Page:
Litquake 2005: Humor at the Purple Onion
What better place to host a gaggle of humorous readings than at the Purple Onion, San Francisco's landmark comedy club in North Beach? I'm talking legends have performed here: Lenny Bruce, Woody Allen, The Smothers Brothers – all at this original location. Today, the place still has that intimate feel, with low ceilings, dim lighting, cozy booths, small tables, and the periodic, comforting sound of the martini shaker coming from the bar. The perfect setting for Litquake's Humor Me event (Litquake being San Francisco's annual, week-long extravaganza of literary events).
While we waited for the room to fill and the show to start, Purple Onion's regular maestro, Geoff Foster, played (and sang) beautiful ballads on the piano. Once we were huddled cozily and well into our two drink minimum, Jane Ganahl, co-founder of Litquake, took the stage. She talked about Litquake, thanked the sponsors, and introduced the emcee, Bucky Sinister . And the show began.
Sinister, in his T-shirt and tattoos, holding the microphone in his fist and bursting all over the stage, opened the evening with – of course – a few jokes, saying he could just hear Lenny Bruce tying off in the bathroom (Lenny was a heroine addict). Sinister also wondered why if Hunter S. Thompson “was going to off himself anyway, he didn't do it by taking a shot at G.W.” He speculated that “that would make being Republican dangerous again.”
And then on with the readings.
Firoozeh Dumas , author of Funny in Farsi , read a hilarious story of finding a potato in the shape of a cross and deciding to sell it on Ebay. Her family knew it was worth $60,000, but also knew that “large starting bids were the death on Ebay, and so we started the bidding at $5.”
The suave-looking Ian Lendler took the stage next, appropriately dressed in cocktail lounge attire to read from his book, Alcoholica Esoterica , the subtitle of which is “A collection of useful and useless information as it relates to the history and consumption of all manner of booze.” He chose to read about champagne, and how it came to be. We're not talking boring facts and historical dates, here. We're talking about a fascinating tale with a lot of humor interwoven throughout.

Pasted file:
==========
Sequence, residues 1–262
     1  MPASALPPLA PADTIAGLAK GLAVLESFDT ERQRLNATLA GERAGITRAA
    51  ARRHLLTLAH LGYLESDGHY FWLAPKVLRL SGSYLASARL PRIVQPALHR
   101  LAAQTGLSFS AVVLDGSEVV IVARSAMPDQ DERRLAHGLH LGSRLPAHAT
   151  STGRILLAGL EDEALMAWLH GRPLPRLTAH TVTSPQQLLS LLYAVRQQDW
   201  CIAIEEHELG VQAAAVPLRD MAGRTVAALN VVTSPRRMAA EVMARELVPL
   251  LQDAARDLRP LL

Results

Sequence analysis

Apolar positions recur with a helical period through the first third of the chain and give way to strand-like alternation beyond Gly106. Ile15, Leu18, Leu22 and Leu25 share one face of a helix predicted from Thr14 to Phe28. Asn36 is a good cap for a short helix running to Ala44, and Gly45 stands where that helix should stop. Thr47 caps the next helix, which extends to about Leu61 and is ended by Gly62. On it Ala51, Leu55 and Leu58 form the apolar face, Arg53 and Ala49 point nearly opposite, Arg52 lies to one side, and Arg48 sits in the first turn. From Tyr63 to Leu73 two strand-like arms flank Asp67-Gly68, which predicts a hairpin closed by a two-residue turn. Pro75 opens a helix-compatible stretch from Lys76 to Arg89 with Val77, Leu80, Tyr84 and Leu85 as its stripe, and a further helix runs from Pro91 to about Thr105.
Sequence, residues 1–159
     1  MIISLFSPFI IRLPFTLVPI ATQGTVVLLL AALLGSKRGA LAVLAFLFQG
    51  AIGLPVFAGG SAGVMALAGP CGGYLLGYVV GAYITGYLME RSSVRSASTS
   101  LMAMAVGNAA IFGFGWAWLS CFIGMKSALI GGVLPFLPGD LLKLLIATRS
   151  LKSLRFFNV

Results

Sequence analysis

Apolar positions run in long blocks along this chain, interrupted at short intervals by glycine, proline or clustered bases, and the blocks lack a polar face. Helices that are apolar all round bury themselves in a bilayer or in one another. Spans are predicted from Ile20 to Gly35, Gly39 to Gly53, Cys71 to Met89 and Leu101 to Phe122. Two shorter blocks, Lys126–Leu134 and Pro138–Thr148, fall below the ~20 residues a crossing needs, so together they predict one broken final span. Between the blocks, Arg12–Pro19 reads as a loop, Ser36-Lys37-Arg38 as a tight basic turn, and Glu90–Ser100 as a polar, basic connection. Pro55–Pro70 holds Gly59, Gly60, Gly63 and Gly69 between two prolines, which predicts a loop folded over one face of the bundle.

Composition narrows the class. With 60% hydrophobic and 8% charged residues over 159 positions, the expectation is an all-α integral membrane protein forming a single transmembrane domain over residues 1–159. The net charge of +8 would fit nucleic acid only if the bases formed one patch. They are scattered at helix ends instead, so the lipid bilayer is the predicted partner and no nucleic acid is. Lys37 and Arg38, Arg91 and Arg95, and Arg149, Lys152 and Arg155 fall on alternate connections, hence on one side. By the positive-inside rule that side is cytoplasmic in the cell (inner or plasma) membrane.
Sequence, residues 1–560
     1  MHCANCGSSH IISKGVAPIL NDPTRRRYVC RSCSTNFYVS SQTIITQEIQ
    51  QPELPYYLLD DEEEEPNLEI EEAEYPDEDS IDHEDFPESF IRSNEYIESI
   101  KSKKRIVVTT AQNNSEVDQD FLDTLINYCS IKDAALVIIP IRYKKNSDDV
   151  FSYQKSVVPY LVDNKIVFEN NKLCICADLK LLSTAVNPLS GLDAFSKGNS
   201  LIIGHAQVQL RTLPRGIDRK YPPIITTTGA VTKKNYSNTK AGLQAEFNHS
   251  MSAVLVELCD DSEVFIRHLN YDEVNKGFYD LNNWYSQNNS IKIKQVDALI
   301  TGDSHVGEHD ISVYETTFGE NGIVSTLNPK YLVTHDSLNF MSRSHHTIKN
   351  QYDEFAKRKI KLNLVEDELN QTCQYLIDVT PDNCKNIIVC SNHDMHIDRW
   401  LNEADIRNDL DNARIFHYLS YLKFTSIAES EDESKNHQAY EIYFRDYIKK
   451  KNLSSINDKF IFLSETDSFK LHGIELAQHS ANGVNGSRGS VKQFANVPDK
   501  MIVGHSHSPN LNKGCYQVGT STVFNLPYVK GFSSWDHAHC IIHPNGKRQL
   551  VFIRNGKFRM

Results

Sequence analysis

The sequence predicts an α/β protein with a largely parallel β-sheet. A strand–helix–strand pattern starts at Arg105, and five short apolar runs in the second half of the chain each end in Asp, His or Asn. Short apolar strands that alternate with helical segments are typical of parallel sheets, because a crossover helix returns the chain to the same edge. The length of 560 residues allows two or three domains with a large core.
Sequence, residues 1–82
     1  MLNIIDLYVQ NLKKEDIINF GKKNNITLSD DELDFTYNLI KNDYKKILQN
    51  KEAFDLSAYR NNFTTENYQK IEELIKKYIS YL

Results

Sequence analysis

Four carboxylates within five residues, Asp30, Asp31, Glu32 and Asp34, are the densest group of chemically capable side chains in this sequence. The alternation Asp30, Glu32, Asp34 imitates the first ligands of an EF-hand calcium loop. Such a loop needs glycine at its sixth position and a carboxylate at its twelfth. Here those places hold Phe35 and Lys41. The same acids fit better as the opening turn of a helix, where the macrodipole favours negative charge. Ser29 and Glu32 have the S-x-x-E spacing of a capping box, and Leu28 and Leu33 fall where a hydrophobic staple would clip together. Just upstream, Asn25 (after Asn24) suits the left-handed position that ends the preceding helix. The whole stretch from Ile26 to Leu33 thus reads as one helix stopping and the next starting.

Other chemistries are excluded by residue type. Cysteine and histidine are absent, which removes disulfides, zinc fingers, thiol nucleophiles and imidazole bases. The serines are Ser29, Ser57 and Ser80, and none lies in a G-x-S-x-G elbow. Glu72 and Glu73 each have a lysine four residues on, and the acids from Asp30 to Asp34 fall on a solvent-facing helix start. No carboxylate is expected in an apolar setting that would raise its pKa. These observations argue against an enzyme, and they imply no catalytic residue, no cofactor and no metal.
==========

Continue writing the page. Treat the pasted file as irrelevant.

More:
“Hipster humorist” Mal Sharpe said he's been pulling pranks since the early 1960's. He took us along with him on one of those long ago pranks and got the biggest laughs of the night out of me. First, he showed us the soft briefcase he used to hide the tape recorder and mic, and then he told us how he and his prankster-buddy walked into a pharmacy and asked the pharmacist for some sterilizing products because he (prankster-buddy) was going to operate on his friend's (Mal's) heart. He read the books, doesn't look so hard, it's doable. The reaction of the pharmacist, who voiced genuine concern and restrained outrage, was hilarious.
At intermission, Sinister entertained us by reading from his latest book, Whisky and Robots , telling us the difference between rednecks and hicks and the paradoxes of Nascar.
Jack Boulware , co-founder of Litquake , read a story about shopping for his mother's coffin, saying that he was continuing the redneck theme. There were taxidermy animals lining the walls of the funeral home, because this is southwest Montana after all. Loved one of his character's names: Butt-Crack Todd.
Writer and performer Merle Kessler (aka Ian Shoales) read a number of funny short pieces: one about an outbreak of politeness in San Francisco, and another in which he takes on the role of a 27-year-old applying for a job as a radio talk show host to replace Howard Stern.
Finally, Beth Lisick , author of Everybody Into the Pool , read a hilarious selection from her book, one about visiting her in-laws. She read that her parents and her husband Eli's parents do have something in common in that “they both live in a house with a roof on top” – and you get that similarities end there. On their visit, Mom Penny took her girlfriend Caroline to a “fisting” workshop (as in how to place a fist into a vagina) while gay Dad complained about not being told there would be boys at this fair. Beth gave us her usual high-energy reading.In closing, Sinister, full of expression, read another comical selection from his book. In fact, all the readings were animated, and very entertaining.